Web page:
"Preach the word; be instant in season, out of season; reprove, rebuke, exhort with all longsuffering and doctrine...do the work of an evangelist, make full proof of thy ministry."
II Timothy 4:2,5
The insurance business has that dreaded class of gate keepers who study every new application sent by an agent, examining it thoroughly to find whatever reason they may to reject it. The agent has worked hard to sell a policy, only to have it fall into such hands, those who are trained to be suspicious, to protect the company's assets and reserves, and to this end to show no pity on a would be customer. The truth is, the insurance companies do need these menacing figures in order to control losses. They are necessary in insurance, but not in the priesthood.
A while back I listened to a priest, a man with little experience but generous with unsolicited advice, describing how he had protected his church from the wrong kind of people. A couple, both Episcopalians, were moving to his area, and wanted to find what they called a "Bible believing church." The alarm bells went off in his head, since he took the expression "Bible believing" to indicate that they were Protestant in their thinking, Low Church in their tastes, and just not the right sort for his "Anglo-Catholic" parish. He was practically boasting about how he had scared them off by arguing over who was and who was not orthodox, and by his firm refutation of women's "ordination." Yes, he manged to keep the wrong sort of people away, and they did not even come by on Sunday morning to visit and see the church for themselves. He had scared them off just fine over the phone.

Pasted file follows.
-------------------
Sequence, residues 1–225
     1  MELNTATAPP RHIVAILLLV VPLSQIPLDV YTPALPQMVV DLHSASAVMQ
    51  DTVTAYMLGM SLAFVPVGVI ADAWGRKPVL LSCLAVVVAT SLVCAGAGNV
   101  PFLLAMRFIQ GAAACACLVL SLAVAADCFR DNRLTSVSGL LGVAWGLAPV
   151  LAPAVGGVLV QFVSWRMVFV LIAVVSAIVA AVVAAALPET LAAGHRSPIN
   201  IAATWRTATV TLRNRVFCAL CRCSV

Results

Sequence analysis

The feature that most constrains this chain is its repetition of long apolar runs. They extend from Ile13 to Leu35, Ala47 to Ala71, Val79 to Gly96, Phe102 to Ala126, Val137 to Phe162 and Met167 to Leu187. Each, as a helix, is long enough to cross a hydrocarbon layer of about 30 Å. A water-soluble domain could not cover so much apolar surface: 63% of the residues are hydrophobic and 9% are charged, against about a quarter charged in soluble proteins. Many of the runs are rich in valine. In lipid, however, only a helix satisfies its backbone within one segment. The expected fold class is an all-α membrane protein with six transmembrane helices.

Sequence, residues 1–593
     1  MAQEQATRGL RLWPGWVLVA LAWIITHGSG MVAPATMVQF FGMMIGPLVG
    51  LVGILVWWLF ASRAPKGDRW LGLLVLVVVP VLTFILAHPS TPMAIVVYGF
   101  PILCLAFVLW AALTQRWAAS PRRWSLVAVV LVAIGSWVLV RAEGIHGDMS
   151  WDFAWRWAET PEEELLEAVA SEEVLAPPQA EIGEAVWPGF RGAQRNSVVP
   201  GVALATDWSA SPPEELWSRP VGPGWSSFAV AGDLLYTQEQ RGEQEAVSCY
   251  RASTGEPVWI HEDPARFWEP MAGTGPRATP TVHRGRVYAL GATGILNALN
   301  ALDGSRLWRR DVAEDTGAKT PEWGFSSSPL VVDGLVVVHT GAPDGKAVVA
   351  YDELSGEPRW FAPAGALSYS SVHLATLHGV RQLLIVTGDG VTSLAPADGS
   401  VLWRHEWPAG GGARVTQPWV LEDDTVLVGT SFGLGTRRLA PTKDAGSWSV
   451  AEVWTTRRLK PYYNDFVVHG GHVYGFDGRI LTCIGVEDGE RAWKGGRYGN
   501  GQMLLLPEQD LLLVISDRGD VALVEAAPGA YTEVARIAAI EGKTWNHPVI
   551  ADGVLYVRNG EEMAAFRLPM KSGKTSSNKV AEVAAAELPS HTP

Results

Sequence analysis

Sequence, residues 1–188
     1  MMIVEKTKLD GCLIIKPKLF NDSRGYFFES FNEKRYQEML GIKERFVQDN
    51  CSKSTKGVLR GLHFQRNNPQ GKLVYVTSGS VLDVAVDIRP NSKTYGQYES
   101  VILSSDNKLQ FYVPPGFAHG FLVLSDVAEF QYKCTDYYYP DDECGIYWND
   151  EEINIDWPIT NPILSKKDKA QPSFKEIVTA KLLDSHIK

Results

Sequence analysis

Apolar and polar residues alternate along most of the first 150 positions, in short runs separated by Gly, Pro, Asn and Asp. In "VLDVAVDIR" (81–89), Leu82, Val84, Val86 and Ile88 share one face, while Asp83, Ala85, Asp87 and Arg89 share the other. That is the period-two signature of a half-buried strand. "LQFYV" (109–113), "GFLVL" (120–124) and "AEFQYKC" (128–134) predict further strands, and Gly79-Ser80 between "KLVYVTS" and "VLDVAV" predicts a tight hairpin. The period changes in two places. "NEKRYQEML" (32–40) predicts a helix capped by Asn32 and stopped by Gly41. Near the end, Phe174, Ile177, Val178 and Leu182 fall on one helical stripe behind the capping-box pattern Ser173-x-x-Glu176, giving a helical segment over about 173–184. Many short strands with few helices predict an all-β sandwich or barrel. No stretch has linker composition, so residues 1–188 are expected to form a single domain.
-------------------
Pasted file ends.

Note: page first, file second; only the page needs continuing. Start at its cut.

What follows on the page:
The man should have been an underwriter.
The famed Barrister of fiction, Horace Rumpole, once said about a colleague, "It's no great trick getting people into prison. How good is he at keeping them out?" The opposite applies to the sacred ministry in the Church. It is no great trick keeping people out of the Church. Just decide, O' Priest, that you shall be a gatekeeper instead of a fisher of men. It's much easier, and you get to play the role of the Bad Vicar. None of that nasty business of being patient and kind, none of that drag on your time. And, you get to cater to the desires of the most fussy and effeminate contributors who think it is more important to observe all of the choreography of Ritual Notes than to tend to the salvation of souls. Golly! You can even console yourself as your congregation remains stagnant, or drops off to nothing, that you had done well by keeping it pure. You can concentrate on the gossip and who's who of the bitter Continuing divisions, and treat everything to do with learning as a matter purely theoretical.
But, guess what my friends; we don't need underwriters among the clergy. So, if you are the type who examines visitors to see whether or not their "application" is solid, please go do something else. The world always needs good waiters and janitors, and insurance companies could use very fussy people as, you guessed it, underwriters. Get an honest job.